The University of Redlands, along with several other organizations, is participating in the State’s latest program to battle the devastating effects of climate change. This program – California Climate Action Corps – is a key part of California’s comprehensive climate strategy and deploys trained volunteers to support climate action projects in communities across California.
As the only university selected to participate in the program’s inaugural year, the University of Redlands welcomed three Corps fellows — Helena Candaele from Los Angeles, Bryan Miranda Quintana from Long Beach, and Jennifer Solis ’21 from Yucaipa — to campus in late January, following their training as part of the first Corps cohort. While at Redlands, they will help to advance the University’s new urban forest project.
“The fellows will be building upon the idea we are calling ‘Treestock,’ which was inspired by a highly successful partnership last year between the University and Esri to give away trees in the community,” said Tony Mueller, director of Community Service Learning (CSL).
The foundation for the Treestock tree farm model was developed by a team of students in Professor Mara Winick’s business consulting class, including the Treestock branding model, nursery partnerships, and identification of indigenous trees that will survive the heat of the Inland Empire, Mueller said.
The project will build upon that foundation and utilize the existing Sustainable University of Redlands Farm land on the main Redlands campus. The fellows will spend the next eight months planning and establishing a nursery to grow trees, mapping the Redlands north side community, and working with elementary schools and the water conservation district to increase the tree canopy in Redlands using saplings from the sustainable farm. The fellows will also work with U of R students and the University’s Roots and Shoots chapters to distribute trees in the Redlands community.
“The shade from trees will provide cooling in our hot summer months and beauty in neighborhoods year-round,” Mueller said, “and the project will engage the fellows, our students, and the community in the efforts of environmental justice and service-learning.”
Candaele said it was great to be on the Redlands campus and she couldn’t wait to start growing trees: “I joined because I want to help address issues that climate change has caused in cities, and I am especially interested in urban greening, so this project offered a great opportunity for me.”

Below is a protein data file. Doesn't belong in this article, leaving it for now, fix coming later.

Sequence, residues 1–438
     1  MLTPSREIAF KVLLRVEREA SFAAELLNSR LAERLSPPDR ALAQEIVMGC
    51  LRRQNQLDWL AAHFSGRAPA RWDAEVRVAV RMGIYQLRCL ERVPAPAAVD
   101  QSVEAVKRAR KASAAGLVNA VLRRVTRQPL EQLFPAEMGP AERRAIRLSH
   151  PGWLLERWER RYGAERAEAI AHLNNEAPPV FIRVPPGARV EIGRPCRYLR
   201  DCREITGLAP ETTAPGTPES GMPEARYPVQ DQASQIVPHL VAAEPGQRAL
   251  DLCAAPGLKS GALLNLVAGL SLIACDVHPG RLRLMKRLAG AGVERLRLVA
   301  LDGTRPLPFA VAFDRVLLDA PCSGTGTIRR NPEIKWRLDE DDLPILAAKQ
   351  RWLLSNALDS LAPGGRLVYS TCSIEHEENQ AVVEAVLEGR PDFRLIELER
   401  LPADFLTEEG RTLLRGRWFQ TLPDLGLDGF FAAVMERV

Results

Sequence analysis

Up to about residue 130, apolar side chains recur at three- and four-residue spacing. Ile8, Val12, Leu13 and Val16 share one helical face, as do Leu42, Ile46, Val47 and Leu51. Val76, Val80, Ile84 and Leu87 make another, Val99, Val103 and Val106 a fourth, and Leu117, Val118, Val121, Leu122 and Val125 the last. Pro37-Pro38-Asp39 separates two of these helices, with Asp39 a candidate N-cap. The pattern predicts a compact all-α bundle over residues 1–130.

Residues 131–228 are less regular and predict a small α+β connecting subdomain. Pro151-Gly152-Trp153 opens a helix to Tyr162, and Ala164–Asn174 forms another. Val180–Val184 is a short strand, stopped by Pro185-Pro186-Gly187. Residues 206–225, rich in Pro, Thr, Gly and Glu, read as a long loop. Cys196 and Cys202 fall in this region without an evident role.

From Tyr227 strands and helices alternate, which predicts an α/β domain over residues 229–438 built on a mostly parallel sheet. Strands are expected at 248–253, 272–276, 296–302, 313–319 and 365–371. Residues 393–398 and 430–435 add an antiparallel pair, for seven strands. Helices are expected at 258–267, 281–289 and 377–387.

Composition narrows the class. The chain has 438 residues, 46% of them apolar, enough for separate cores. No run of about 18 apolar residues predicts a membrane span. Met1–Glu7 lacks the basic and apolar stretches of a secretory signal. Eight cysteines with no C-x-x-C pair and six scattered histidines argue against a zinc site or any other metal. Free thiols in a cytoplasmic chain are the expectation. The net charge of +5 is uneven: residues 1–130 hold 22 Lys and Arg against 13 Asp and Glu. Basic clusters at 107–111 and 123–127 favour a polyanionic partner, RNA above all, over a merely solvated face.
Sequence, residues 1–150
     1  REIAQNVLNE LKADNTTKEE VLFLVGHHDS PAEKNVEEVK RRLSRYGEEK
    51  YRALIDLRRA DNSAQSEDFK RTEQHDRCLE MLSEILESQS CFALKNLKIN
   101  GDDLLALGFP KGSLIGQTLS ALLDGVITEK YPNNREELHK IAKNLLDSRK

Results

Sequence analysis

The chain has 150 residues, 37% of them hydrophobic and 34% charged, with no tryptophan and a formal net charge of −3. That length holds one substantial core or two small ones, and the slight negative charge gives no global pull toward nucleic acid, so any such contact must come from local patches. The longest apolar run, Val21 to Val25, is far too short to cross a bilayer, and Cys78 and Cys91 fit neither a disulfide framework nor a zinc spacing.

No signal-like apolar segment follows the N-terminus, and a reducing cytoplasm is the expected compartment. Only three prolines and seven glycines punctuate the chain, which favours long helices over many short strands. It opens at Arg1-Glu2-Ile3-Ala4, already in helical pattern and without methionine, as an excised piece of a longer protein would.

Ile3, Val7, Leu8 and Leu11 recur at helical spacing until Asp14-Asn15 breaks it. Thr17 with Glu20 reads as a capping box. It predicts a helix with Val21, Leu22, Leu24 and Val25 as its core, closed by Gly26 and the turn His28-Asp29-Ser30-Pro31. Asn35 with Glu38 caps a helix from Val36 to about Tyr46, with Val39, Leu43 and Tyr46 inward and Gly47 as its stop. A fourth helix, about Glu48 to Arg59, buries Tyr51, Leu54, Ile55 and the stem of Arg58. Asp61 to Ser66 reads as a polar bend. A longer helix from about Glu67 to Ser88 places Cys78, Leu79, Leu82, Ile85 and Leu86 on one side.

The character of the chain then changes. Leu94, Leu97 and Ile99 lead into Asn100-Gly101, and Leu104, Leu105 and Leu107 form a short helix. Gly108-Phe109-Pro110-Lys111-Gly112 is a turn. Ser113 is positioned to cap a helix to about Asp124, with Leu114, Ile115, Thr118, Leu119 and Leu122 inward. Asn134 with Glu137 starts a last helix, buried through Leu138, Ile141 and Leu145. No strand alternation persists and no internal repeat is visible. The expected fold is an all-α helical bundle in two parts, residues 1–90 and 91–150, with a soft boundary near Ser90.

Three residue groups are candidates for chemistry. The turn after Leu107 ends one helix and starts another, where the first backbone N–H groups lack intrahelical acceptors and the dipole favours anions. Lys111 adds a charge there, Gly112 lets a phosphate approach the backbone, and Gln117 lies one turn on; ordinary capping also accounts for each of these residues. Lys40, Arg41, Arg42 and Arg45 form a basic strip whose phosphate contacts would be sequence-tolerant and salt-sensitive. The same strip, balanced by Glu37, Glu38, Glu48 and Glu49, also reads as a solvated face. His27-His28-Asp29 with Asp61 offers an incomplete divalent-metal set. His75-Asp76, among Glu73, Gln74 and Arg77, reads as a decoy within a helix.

U of R is a beautiful campus, Quintana observed, adding he is excited to work on the vision of CSL to educate students and individuals through service: “I can see the Treestock program being adopted by campuses throughout the nation as a way to mitigate the harmful effects of climate change.”
Solis, who is finishing up her senior year at U of R, noted the climate corps project excited her because of “the things we will accomplish, like building a greenhouse,” adding that, as a native Spanish speaker, she hoped to help by providing information in English and Spanish for students and volunteers.
As participants in this statewide program, Mueller said the University has the opportunity to create a local program that will not only benefit the adjacent communities, but one that could also become a model across California and perhaps nationally. In addition to creating a tree farm and teaching on SURF, he said the fellows will create a more robust composting program and recycling program at the University in partnership with Facilities Management. Additionally, the University’s Office of Community Service Learning and Associated Students of the University of Redlands will be the new custodians of the SURF farmhouse off Lugonia Avenue, which will provide restrooms, fresh drinking water, and meeting space for the fellows and the SURF undergraduate staff and volunteers.
“This project is rooted in public service and civic engagement — key pillars of the University of Redlands’ mission,” Mueller said, “and, through it, we hope to inspire students and the community to take ownership in reversing the harmful effects of climate change in our local neighborhoods and across California.”
In a news release, California Gov. Gavin Newsom said he is thankful to the Californians who have recognized the urgency of this moment and joined the inaugural climate corps.
“From fires and smoke to record high temperatures, nearly every Californian has been impacted in some way by climate change,” Newsom said. Even with the bold climate policies our State has enacted, we must – and can – do more at every level. No State has mobilized and organized citizen climate action at scale. California’s Climate Action Corps not only aims to do that but to serve as inspiration for similar action across the country and globe.”